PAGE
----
Stocks firm after Japan stimulus move
David Russell | firstname.lastname@example.org
The S&P 500 is indicating an increase of less than 0.1 percent, while indexes in Europe are little-changed. The big news in the overnight session came from Japan, where the central bank surprised the market with a $127 billion stimulus plan that has the potential to push real interest rates back below zero percent.
Japan's Nikkei and Hong Kong's Hang Seng indexes rallied more than 1 percent in response, while gold climbed moderately. Further impact was muted because other risk assets such as oil, the euro, and the Australian dollar mostly edged lower.
The S&P 500 hit a four-year high on Friday, capping an unexpected rally that caught many large investors underexposed to equities. While the market still lacks details on how Europe will fix its sovereign-debt problems, there is now confidence that leaders are committed to a solution. That, plus a recovering U.S. economy and short-covering in the euro, have combined to support share prices.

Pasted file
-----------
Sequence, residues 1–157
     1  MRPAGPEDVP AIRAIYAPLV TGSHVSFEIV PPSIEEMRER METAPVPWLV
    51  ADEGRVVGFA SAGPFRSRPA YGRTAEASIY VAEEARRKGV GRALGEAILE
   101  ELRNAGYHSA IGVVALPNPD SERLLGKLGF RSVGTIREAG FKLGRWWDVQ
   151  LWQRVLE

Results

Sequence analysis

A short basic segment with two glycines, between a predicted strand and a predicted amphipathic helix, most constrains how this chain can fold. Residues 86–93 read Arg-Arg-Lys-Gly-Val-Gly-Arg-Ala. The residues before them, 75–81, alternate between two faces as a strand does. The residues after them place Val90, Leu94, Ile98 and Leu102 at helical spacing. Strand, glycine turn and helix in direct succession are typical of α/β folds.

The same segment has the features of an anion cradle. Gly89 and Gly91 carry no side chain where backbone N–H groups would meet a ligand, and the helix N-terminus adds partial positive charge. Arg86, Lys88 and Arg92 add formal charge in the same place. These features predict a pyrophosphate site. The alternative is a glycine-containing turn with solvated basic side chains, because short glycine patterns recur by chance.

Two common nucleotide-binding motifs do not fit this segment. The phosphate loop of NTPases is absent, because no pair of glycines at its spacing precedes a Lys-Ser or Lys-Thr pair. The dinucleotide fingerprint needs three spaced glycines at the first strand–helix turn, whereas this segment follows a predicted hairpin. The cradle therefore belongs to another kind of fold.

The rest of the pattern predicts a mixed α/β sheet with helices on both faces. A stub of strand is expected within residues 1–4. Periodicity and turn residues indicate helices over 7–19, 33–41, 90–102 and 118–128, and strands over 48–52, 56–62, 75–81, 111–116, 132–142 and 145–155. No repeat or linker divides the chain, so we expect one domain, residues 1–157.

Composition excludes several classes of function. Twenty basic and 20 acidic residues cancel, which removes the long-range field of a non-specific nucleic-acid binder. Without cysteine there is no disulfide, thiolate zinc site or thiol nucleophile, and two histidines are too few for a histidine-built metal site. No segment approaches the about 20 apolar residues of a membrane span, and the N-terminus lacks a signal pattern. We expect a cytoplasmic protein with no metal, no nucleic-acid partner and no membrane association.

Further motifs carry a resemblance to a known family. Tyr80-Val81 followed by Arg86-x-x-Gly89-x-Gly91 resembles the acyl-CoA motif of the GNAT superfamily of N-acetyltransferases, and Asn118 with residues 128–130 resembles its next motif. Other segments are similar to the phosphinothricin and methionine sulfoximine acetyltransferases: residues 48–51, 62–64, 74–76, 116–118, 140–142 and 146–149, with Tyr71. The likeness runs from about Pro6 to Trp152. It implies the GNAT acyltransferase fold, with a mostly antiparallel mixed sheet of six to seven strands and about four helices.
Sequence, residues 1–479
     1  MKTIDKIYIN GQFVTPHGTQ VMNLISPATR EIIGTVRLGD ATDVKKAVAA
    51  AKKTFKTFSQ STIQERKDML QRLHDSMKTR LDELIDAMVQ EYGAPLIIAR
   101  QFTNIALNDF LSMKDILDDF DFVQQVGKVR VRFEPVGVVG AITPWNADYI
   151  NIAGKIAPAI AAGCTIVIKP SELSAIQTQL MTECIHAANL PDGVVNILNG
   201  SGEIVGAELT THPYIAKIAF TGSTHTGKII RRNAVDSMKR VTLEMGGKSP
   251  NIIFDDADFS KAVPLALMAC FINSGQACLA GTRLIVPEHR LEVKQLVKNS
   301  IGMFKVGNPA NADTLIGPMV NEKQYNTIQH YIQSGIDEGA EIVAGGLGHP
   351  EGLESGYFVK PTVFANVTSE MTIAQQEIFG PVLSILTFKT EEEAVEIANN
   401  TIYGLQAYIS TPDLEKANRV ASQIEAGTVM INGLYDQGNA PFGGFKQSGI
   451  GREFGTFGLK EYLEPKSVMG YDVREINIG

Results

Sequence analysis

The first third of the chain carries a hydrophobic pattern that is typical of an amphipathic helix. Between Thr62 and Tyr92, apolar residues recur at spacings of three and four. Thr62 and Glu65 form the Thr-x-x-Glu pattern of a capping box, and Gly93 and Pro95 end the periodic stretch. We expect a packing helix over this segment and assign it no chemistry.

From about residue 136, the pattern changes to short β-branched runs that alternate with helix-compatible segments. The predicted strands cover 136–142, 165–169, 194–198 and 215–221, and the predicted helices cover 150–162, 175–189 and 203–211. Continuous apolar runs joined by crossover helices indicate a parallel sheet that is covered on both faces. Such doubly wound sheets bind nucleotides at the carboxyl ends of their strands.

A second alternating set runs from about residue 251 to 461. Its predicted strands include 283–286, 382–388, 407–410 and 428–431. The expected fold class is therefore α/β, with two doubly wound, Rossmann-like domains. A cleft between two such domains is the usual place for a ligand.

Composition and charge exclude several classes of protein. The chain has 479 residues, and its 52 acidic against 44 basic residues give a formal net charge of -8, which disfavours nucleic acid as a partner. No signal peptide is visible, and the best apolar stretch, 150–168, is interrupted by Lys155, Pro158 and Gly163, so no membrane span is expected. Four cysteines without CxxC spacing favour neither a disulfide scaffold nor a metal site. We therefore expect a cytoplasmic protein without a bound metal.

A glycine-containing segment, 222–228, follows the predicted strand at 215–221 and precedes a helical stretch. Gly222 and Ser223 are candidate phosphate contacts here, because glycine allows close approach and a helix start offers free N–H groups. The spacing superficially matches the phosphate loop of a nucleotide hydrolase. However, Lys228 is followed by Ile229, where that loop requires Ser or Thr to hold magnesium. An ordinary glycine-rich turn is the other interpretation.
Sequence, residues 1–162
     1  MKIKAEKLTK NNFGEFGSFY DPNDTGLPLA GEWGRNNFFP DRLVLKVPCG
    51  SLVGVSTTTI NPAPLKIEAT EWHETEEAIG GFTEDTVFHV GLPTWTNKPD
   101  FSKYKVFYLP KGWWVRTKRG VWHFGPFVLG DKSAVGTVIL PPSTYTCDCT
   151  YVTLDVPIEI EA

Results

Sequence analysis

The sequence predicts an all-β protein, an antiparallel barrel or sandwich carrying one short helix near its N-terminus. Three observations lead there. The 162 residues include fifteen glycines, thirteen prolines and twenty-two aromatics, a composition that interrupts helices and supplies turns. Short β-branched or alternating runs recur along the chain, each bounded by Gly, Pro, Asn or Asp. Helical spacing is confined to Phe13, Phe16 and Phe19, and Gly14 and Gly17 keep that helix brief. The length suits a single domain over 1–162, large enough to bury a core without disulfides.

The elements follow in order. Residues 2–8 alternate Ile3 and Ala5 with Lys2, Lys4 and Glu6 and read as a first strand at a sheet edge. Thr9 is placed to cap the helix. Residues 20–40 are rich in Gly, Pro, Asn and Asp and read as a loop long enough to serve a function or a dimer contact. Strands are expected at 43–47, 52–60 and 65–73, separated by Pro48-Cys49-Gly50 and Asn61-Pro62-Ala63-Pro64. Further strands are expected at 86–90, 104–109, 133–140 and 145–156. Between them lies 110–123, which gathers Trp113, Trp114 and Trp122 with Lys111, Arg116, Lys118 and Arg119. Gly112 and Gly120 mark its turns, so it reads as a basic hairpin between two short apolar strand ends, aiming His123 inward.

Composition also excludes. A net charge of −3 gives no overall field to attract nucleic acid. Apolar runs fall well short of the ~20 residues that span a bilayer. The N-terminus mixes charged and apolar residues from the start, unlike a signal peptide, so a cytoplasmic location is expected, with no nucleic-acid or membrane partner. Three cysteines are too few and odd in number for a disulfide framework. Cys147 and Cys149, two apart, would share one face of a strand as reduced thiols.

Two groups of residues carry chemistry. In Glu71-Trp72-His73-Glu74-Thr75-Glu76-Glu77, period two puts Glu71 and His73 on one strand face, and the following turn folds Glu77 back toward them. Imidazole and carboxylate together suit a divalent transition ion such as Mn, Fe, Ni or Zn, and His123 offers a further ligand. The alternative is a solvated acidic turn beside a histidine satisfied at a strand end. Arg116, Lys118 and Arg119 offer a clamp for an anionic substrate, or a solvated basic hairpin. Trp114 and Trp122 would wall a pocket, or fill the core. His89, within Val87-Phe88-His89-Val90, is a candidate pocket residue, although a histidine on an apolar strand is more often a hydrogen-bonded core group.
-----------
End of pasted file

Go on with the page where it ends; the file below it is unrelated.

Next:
The question now is how much of a pullback investors will demand before putting money to work. They will also be watching U.S. housing-related data today, including housing starts at 8:30 a.m. ET and existing-home sales at 10 a.m. The EIA's petroleum report half an hour later could also impact oil prices.
There wasn't much company news this morning. Goldman Sachs is unchanged after appointing Harvey Schwartz as chief financial officer, considered a potential candidate to take over for current CEO Lloyd Blankfein. General Mills and AutoZone reported mixed quarterly results, while Cracker Barrel Old Country Store beat expectations and raised guidance.